The $7.4 million center opened five years ago this month. During the August celebration of Ramadan, the annual Muslim holy month of fasting, supporters raised the final $360,000 to pay off the construction debt.
Ohio's best-known mosque, built by the Islamic Center of Greater Toledo in 1981, sits near Interstate 75, visible for miles with its striking dome and minarets, the tall towers used historically to call worshippers to prayer.
The Noor center deliberately lacks minarets, and its domes hug either side of the building in understated fashion. Its gabled roof echoes the peaks of barns that dot Ohio's rural landscape. Its many windows make it easy for visitors to look inside and once they're inside, to observe worshippers in the large prayer hall.
Architect Bob Apel says his marching orders were clear.
"They didn't want to impose themselves on everybody else," he said. "They wanted to be part of the community."
About 2,000 people attend prayers weekly, including packed services each Friday around midday.
It sits on the border between two well-off Columbus suburbs and was developed as part of an upscale subdivision whose homes are popular with Muslim professionals.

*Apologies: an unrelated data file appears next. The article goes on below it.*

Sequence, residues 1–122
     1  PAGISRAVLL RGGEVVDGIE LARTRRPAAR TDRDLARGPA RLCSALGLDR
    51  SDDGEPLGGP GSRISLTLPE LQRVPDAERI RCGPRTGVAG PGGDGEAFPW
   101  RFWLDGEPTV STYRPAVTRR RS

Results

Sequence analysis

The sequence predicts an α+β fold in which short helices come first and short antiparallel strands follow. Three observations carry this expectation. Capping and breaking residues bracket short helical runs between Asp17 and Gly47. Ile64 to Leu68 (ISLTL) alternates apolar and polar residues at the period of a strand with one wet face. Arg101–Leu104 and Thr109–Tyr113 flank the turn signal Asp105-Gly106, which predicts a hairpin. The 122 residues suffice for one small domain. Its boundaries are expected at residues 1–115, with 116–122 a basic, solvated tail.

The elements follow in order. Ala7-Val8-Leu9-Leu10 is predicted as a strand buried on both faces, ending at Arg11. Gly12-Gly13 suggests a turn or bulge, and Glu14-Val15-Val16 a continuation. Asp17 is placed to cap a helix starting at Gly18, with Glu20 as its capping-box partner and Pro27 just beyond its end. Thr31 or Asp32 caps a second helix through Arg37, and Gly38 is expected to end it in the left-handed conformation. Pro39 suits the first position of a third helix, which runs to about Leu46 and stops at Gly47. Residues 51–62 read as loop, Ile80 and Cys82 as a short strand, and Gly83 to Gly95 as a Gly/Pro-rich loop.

Educational posters line walls inside the mosque. "What do Muslims think about Jesus?" reads the title of one. "Who are American Muslims?" asks another.
The center hosts a variety of activities for Muslims who attend the mosque, including legal and health clinics, weekend Arabic classes for children, counseling services and parenting classes, among others. For non-Muslims it holds a weekly "Islam 101" class and tour each Saturday, bringing in members of local churches and synagogues.
"One of the keys to preventing bigotry and so on is when you have an opportunity to sit and learn with someone," said Michael Ungar, a Columbus rabbi who has co-taught classes at the mosque with Muslim and Christian leaders.
The center is hardly the first mosque with a nontraditional design in the U.S. or abroad. The Islamic Society of North America's headquarters in Plainfield, Ind., is a modernist building nearly three decades old.